Out from the Ghetto

For 18 years I’ve written for the Village Voice, about Downtown music, for a Downtown audience and those who love Downtown music. In that milieu, I could always shout, any time I wanted, “Geeez, ya wanna know what sucks?! 12-TONE MUSIC!!” And I’d never get any response more threatening than, “YEAAHH, woo!!” Because nobody Downtown gave a damn about 12-tone music. Glenn Branca isn’t going to exclaim, “Omigosh, he can’t say that about poor Schoenberg!” It’s more like, “Schoenberg!? Oh yeah, that guy.”

Now, on the internet, I apparently reach a broader readership. This isn’t what allegedly happens. One pervasive concern about the internet, especially before the last election – excuse me, “election” – was that it was becoming an echo chamber, that the search function made it not only possible but overwhelmingly likely that people would end up talking only to people with the same interests and views. But I seem to have had a far narrower, more focused audience in my print medium than I do on this blog. So I’m learning to say instead, “Geeez, ya wanna know what mostly sucks?!”

One respondent linked my points about 12-tone music to Cage’s chance music, and I replied, “Ouch!” Because Downtown music has a couple of Achilles’ heels, and one of them is chance music. Cage is a Downtown icon, and we loved him dearly. Typically, we love his Constructions for percussion ensemble, his prepared piano music, his use of recordings in Credo in US, his Imaginary Landscape for 12 radios, his 1950 String Quartet, even the fantastic, ever-ready 4’33″. But a lot of Downtown composers will quietly admit that they’re not into the chance music he started writing after 1952.

Now, I will defend down to the last troll Cage’s works of the 1960s and ’70s and ’80s that apply chance methods to theater: Variations IV, Songbooks, Europeras. Those sopranos flying across the stage, blimps wheeling over the audience, different recordings played at the same time, people delivering lectures from ladders: tremendously creative stuff, hilarious, breathtaking. But there is a stage in his music from the 1950s on in which his idea of sounds became isolated single notes, and in which his method became chance dispersal of same. And I realized today while teaching it that that period begins with the Concerto for Prepared Piano of 1951. And of course, in 1950, Cage had his famous encounter with, on the same day, Morton Feldman and the Webern Symphony, Op. 21.

(By the way, thanks to all who wrote in to inform me of various performances of Op. 21 in New York they had heard or knew about. Turns out, far from being rare, readings of that piece fall so thick and fast in Manhattan that you’re lucky if you can zip into the city and out again without hearing a couple. At Christmas it’s even worse, with all the neighborhood sing-along Op. 21′s.)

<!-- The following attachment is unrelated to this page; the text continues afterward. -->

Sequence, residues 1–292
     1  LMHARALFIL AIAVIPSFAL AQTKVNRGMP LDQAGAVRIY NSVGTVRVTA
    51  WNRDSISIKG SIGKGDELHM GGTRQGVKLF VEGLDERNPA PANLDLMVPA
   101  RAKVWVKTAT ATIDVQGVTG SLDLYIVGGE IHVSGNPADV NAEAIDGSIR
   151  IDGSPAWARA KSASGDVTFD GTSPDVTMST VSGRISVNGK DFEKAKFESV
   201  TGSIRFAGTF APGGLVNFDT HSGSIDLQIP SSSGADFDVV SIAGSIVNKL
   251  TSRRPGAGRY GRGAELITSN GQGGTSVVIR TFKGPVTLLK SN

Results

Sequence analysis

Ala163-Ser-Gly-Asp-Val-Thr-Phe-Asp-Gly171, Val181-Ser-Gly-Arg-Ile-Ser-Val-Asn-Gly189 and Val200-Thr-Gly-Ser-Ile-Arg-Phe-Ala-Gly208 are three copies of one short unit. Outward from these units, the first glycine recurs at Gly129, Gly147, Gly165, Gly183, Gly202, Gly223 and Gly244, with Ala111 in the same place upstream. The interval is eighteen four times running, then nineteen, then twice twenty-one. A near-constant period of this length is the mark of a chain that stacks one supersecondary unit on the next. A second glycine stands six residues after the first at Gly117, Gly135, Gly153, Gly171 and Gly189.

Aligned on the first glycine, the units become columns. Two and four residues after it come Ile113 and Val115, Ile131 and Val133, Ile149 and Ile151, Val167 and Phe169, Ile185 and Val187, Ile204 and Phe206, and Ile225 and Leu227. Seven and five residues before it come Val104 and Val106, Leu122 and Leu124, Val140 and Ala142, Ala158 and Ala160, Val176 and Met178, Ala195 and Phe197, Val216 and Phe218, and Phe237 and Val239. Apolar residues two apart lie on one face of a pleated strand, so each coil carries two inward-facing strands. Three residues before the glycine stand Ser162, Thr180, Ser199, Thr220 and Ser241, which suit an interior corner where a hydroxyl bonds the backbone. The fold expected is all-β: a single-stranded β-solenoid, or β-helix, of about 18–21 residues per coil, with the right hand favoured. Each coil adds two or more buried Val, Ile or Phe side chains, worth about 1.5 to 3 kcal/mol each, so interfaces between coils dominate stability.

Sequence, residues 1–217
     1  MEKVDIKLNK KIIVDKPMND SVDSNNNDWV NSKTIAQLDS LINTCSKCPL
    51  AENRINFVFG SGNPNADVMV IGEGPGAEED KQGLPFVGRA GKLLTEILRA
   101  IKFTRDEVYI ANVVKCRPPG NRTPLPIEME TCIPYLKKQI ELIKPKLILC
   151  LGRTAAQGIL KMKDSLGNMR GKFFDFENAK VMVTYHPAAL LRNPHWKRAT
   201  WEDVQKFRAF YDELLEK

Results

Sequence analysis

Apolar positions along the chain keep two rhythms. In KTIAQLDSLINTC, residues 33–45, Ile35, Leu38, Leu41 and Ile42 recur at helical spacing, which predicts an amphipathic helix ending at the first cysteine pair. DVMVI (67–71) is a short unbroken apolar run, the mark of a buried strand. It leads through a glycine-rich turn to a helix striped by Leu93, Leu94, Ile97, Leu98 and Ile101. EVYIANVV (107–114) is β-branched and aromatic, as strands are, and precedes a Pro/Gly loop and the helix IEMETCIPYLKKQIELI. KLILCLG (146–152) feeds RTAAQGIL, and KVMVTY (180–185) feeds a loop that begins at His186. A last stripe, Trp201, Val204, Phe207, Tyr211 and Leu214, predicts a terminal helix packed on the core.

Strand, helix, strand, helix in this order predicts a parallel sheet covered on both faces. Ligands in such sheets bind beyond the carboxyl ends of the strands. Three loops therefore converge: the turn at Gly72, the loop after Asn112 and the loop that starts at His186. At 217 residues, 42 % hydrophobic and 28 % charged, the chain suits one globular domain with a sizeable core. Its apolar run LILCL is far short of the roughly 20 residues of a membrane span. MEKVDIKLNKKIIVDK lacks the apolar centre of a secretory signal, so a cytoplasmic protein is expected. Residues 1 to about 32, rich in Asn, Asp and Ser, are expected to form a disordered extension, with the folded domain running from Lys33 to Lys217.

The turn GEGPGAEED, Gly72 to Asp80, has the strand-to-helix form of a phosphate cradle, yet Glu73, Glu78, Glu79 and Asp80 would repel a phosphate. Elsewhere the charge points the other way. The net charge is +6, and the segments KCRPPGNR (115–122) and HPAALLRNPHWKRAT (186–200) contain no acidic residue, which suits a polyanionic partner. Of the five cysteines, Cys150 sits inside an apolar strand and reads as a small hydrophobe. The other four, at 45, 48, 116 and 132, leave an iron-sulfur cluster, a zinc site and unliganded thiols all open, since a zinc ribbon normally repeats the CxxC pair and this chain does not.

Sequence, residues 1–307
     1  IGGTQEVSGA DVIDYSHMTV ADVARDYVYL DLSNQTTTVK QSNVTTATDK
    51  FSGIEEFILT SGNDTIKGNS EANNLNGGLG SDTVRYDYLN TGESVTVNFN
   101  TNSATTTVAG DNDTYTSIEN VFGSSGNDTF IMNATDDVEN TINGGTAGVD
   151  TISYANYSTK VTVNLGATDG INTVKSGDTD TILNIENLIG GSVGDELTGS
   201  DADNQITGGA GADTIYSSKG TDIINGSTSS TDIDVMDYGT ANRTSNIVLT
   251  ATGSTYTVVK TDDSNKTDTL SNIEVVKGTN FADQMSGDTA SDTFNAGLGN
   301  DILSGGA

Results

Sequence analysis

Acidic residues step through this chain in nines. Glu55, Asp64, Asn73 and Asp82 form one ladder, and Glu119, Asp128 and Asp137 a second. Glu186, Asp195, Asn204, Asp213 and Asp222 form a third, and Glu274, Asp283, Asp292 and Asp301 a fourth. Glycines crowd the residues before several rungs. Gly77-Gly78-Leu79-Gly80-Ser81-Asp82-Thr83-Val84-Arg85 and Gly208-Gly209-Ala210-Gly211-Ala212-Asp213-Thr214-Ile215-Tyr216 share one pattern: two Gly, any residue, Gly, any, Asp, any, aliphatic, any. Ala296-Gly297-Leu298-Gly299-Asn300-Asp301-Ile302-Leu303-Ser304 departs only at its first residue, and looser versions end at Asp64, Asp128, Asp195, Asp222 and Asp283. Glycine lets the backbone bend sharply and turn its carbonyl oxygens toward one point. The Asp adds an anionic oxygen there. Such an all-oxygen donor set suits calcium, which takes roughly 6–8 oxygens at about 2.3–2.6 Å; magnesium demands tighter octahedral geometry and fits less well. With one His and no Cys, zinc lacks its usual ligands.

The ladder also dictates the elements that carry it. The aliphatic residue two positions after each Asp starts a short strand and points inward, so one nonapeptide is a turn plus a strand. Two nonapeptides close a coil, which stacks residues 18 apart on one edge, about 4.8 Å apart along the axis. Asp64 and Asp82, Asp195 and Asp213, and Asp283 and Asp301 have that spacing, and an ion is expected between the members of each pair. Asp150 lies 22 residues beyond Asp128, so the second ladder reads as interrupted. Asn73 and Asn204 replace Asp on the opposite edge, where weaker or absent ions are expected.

I think that Cage took from Webern the idea of the isolated single note, and the resulting exploded texture, and that this begins a problematic period in his output. My least favorite mature Cage piece has always been (to the great consternation of some Cage aficionados) his orchestra piece Atlas Eclipticalis, a pointillist field of random notes, lasting up to – in the elegant new S.E.M Ensemble recording – two hours. Couldn’t quite warm up to it when I discovered Cage as a teenager, still can’t today. Other atomized works I’m more ambiguous about: Music of Changes for piano, Etudes Australes for piano, Winter Music for multiple pianos. Since Cage got famous by publishing his 1960 book Silence, that then-recent work was the first music a lot of people associated with him. And its analogy with average, normative 12-tone music is the feeling that it needs to be listened to with a certain attitude. With 12-tone music you trust that the music is very cohesive and integrated on some level, though you can’t necessarily hear how. With Cage’s 1950s chance music, you “let the sounds be themselves,” you surrender yourself to the random interplay of notes, and sometimes you start wondering – “Why am I listening to these rather than some other sounds?”

It varies. Music of Changes I’ve studied, and I know that there are some repeating figures in it because Cage was still working with figures as well as single notes, and I can get a little extra from it by concentrating. I played a little of Etudes Australes in my youth, and I appreciate the choreography of the two hands if I see it live. And in the right mood, I can find this nondemanding music very soothing. The Arditti Quartet’s recording of Four is as calmly lovely as Walden Pond. But even as I was writing my disquisition on 12-tone music, it flashed through my mind that we Downtowners have our own body of music that is an acquired taste, difficult to defend to outsiders. I listen to it; some days I love it; but I never try to sell anyone else on it. And I’ve talked to enough Downtowners about it to know that I’m far from alone in that feeling. So to the respondent who caught me on it: Touché!

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